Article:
There is very little data on the true incidence of chronic scrotal pain (CSP): estimates from studies from Switzerland based on a survey of urologists suggested an incidence of 350–400/100,000 cases of CSP yearly (1), while studies on men presenting to physician offices for unrelated conditions found the incidence to be much higher at 4.75% (2).
CSP refers to an ill understood complex of symptoms. Various terms have been used to describe the condition including orchialgia and orchiodynia, which really refer to the testicle itself, and chronic epididymitis. Both the European Urological Association (EAU) and the International Continence Society have adopted the generic term scrotal pain syndrome to include testicular pain syndrome, post-vasectomy pain syndrome, and epididymal pain syndrome (3-5).
It is well recognized that chronic pain in general may affect sexual function (6,7) due to the debilitating nature of chronic pain there may often be a lack of interest and diminished performance, but patients with scrotal/groin pain often have the additional problem of sex itself being painful, which may in turn be associated with a downhill spiral of reduced interest, diminished performance and actively avoiding sex (6-9). This then may be associated with relationship issues (9).
Unsurprisingly, sexual dysfunction heightens anger, frustration, and depression, all of which place a strain on a relationship (9). The partners of men with sexual dysfunction and depression often present with similar symptoms (10).
Although the available literatures recognizes sexuality as a very important factor in the quality of life (QoL) and well-being of patients and in spite of the fact that the sexual life is known to be highly disturbed in CSP patients, there are no previous studies that have evaluated the frequency and the importance of changes in the sexual desire or function in patients with CSP. In addition, the impact of sexual activity on CSP symptoms is recognized but poorly quantified.
The purpose of this study is to describe the impact of CSP on the sexual life of patients and conversely describe the impact of sexual activity on CSP.
Institution Research Ethics Board (REB) approval was obtained prior to commencement of the study. This is a retrospective review of a prospectively collected database of men presenting between Feb 2014 and Sep 2015 to a university program specializing in CSP. This clinic is a multi-disciplinary clinic in which the patient is evaluated simultaneously both by a specialist in pain medicine and urologists with special expertise in the investigation and management of CSP. The men completed a standardized questionnaire to elicit general information on the characteristics of the CSP with specific questions to identify activities and factors that aggravate or relieve the CSP.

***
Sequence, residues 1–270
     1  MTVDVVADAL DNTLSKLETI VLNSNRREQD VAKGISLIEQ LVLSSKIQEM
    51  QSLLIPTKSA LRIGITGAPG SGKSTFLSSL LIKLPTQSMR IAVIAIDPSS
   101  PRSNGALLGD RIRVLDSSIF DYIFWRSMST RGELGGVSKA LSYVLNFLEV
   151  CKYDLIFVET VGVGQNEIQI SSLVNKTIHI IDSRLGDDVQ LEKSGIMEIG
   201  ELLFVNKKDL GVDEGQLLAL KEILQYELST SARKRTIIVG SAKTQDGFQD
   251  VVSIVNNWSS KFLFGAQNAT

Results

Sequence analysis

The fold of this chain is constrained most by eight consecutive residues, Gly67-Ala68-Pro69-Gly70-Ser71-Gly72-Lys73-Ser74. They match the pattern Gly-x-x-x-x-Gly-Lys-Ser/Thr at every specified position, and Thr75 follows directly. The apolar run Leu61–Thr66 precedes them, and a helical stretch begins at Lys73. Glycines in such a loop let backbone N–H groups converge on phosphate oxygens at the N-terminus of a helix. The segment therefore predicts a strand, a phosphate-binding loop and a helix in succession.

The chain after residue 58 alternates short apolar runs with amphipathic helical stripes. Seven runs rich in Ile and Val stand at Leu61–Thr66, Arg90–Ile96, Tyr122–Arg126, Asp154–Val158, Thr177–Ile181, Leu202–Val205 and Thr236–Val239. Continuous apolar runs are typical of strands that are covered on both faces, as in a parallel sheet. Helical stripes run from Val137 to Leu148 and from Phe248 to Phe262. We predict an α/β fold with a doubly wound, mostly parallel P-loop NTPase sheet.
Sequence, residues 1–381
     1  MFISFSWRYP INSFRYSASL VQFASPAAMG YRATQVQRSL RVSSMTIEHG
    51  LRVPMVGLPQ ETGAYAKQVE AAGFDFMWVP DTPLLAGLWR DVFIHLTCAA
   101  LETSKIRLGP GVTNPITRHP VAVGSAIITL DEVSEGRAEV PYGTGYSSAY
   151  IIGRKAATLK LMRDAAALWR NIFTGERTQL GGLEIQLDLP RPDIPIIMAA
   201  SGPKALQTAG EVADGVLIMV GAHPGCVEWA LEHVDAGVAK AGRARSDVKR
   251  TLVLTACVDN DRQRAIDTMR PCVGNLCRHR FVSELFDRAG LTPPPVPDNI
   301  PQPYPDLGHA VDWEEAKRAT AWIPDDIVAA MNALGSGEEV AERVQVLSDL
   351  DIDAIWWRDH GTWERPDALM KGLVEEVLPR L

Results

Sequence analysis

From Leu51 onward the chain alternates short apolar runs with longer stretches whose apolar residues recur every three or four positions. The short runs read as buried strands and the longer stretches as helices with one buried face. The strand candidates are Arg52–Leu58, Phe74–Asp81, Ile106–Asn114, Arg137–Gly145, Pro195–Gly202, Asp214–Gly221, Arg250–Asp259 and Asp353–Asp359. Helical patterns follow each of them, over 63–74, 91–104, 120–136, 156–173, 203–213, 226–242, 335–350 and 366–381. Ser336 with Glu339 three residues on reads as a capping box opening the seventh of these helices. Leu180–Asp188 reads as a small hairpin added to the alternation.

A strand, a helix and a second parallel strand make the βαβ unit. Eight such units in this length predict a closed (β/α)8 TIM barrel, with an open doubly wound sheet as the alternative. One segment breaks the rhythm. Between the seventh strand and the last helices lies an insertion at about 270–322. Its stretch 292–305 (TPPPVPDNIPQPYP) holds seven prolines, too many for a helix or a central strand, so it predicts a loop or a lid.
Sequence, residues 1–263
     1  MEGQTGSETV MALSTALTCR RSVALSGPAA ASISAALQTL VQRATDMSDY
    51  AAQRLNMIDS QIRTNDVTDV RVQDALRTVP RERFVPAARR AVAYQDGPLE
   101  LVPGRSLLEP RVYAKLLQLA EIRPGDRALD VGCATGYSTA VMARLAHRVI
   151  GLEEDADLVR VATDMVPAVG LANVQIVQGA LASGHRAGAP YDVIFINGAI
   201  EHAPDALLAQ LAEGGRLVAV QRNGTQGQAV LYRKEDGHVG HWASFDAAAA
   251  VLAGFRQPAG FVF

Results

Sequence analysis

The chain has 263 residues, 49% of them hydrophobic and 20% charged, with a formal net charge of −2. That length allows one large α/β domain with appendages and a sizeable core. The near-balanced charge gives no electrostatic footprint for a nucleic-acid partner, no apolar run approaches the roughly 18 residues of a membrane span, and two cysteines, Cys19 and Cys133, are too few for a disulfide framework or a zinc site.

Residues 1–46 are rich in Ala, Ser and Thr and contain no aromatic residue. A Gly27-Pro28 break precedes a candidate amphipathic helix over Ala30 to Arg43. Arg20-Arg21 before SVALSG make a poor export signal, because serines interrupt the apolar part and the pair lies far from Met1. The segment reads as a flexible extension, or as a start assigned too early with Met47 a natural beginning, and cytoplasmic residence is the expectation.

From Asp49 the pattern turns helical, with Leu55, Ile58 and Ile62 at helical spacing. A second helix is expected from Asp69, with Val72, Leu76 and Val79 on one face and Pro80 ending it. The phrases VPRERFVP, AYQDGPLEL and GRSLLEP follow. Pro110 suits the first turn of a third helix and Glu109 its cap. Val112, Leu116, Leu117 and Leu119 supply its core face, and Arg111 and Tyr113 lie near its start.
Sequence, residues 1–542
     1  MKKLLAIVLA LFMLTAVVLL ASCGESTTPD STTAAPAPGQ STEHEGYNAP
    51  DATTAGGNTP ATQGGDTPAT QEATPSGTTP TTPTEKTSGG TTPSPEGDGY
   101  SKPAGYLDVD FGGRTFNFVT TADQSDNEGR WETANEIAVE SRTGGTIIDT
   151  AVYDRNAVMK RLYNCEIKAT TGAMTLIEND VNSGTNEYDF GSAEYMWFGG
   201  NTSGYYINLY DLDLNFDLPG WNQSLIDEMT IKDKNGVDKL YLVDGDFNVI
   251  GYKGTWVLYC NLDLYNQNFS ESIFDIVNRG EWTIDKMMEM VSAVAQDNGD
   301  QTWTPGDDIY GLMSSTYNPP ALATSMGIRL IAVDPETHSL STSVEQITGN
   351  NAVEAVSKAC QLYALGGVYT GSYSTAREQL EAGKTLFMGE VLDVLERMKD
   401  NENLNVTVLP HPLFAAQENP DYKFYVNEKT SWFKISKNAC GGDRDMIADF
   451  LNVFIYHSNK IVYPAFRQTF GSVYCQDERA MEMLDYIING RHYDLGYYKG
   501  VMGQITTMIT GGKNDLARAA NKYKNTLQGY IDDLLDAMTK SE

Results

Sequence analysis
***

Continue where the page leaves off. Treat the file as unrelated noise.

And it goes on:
A standardized questionnaire was used to obtain a detailed pain history including a validated numeric pain scale to quantify pain levels from 1–10 (11,12) (addendum attached). Validated questionnaires were used to elicit information on the impact on the men’s lives of the CSP (12). Impact on sexual life were measured with a standardized questionnaire validated for screening of sexual dysfunction (sexual health inventory for men: SHIM). The five questions are answered with a sum of ≤21 indicating sexual dysfunction (Table 1) (13).
A validated questionnaire to identify symptoms of testosterone deficiency (androgen deficiency in the aging male: ADAM score) was also completed by the men. This questionnaire has been validated as a screening test to identify men with symptoms of testosterone deficiency with a positive result if the patient answers, “Yes”, to questions 1 or 7 or any 3 (questions about libido and sexual capacity) of the other questions (14).
Mood was assessed by two validated questions: “during the past month, have you often been bothered by feeling down, depressed, or hopeless?” and “during the past month, have you often been bothered by little interest or pleasure in doing things?” with the standard answers being “not at all”, “several days”, “more than half the days”, and “nearly every day” for both of these questions (15).
If patients reported depressive symptoms, the patients were directly questioned about suicidal thoughts.